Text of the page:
Seller Inventory # WRCAM55725
Published by [Various places], 1844
62pp. Quarto. Original brown cloth. Cloth moderately soiled and stained. Light dampstaining to some of the text. About very good. Manuscript log book of the U.S.S. Delaware, kept by seaman Robert B. Storer during the ship's final voyage. The U.S.S. Delaware was launched in October 1820. She spent most of her active duty cruising in the Mediterranean, where she served in the interests of American commerce and diplomacy in that area, though she also spent several years stationed in Brazil, patrolling the coasts of Brazil, Uruguay, and Argentina to represent American interests during political unrest in those countries. She began her final voyage to the Mediterranean in February 1843, setting out from Rio de Janeiro. This log covers the last three months of the Delaware's active service, documenting her return voyage from the Mediterranean to Norfolk. She arrived home in March 1844, and was still at the naval yard in 1861, when she was set afire with other U.S. ships in order to keep them from falling into Confederate hands. The log begins with the ship at anchor in Mahon harbor, off Minorca in the Mediterranean. Storer keeps details of provisioning the ship and readying to sail for first twelve days of January. As is standard with ship's logs, he records speeds, winds, and weather conditions, as well as the positioning of the sails. Everyday events such as inspecting the crew or holding "divine service" on Sundays are noted, as are sightings of other ships' sails and exchanging colors with passing vessels. The Delaware sights the coast of Spain and moves into the Atlantic around the third week in January; on February 2, crew member Jacob Lawrence, a marine, dies (though Storer does not say from what), and his funeral service is held the next day, and Lawrence's body is committed to the deep. Also of note, the Delaware investigates a wreck on February 15: "At 7.45 hauled up the courses, hauled down the jib and laid the main and mizen topsails to the mast, and sent a boat to board the wreck. At 8.15 the boat returned from the wreck; discovered her to be the English Hermaphrodite Brig 'Halifax' of 'Halifax,' loaded with lumber, water logged and foremast sawed off, nothing living on board." The rest of the voyage is uneventful and relatively smooth, and the Delaware sights the Cape Henry lighthouse on March 4. The last few days are recorded as the ship is anchored at Hampton Roads, including a salute to the passing of former Secretary of the Navy Thomas Gilmer, who died on February 28.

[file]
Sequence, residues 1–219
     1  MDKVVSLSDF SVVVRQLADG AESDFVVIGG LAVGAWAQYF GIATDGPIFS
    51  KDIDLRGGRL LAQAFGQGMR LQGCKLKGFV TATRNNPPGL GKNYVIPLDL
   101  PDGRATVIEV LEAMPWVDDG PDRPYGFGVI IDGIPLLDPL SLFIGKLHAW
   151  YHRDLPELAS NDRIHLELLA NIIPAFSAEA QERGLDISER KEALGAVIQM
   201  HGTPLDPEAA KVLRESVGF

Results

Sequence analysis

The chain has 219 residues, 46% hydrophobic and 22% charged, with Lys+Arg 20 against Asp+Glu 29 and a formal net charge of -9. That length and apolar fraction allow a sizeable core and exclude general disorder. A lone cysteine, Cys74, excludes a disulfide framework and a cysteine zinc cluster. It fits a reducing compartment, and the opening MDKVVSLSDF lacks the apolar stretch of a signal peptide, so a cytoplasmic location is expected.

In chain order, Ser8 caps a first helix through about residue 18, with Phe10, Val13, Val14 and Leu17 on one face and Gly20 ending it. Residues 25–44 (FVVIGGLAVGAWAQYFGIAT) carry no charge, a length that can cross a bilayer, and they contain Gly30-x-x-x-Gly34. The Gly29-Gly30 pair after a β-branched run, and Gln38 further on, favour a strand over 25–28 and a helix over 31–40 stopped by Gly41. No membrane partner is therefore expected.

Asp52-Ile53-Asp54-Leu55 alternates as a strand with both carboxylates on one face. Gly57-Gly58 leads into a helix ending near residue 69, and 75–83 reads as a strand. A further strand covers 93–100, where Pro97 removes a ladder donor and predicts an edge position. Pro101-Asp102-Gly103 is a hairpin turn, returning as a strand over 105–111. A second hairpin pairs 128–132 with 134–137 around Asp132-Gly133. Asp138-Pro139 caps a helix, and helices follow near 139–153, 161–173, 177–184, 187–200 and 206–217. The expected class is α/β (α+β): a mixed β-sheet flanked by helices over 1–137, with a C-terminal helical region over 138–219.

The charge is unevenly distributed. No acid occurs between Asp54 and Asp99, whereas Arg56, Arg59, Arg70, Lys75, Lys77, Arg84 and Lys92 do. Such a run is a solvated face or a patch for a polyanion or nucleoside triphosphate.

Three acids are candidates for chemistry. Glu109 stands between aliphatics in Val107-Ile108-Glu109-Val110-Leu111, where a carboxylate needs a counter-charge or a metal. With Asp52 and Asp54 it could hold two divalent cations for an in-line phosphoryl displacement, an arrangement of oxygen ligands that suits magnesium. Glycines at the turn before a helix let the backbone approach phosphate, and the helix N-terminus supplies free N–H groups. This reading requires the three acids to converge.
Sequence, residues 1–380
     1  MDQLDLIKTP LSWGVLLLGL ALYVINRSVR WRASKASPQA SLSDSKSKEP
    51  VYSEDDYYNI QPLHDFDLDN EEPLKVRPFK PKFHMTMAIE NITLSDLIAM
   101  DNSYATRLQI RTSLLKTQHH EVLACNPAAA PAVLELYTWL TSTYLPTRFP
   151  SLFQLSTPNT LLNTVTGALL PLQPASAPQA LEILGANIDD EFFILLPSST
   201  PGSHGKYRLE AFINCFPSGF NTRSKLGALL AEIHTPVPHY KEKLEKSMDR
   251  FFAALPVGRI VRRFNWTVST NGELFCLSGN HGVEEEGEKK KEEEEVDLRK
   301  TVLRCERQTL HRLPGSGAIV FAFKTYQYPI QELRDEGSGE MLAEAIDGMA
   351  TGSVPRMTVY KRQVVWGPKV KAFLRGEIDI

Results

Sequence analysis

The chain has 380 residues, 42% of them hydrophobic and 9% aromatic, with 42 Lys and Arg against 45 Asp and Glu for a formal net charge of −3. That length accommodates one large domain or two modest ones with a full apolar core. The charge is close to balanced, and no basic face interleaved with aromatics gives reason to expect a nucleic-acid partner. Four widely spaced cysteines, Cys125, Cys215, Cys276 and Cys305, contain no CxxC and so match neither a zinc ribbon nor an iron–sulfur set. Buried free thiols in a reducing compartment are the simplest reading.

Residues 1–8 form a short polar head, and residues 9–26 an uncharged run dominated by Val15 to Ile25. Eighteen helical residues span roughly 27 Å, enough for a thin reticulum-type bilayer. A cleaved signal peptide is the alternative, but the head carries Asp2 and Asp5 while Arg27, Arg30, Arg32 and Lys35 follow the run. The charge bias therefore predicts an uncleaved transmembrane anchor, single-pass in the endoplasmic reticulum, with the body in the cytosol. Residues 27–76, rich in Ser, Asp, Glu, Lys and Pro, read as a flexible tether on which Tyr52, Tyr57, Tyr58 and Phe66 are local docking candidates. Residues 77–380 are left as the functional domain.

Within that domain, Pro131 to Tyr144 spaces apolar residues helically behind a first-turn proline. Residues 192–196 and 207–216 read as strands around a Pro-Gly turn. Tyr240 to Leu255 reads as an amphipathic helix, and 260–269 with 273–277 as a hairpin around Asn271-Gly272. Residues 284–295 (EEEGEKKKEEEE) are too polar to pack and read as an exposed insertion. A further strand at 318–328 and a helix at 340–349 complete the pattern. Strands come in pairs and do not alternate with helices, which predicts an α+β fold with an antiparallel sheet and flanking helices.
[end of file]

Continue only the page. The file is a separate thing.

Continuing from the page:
Seller Inventory # WRCAM42163
Published by Henry Lindenkohl & Charles G. Krebs, Washington, 1864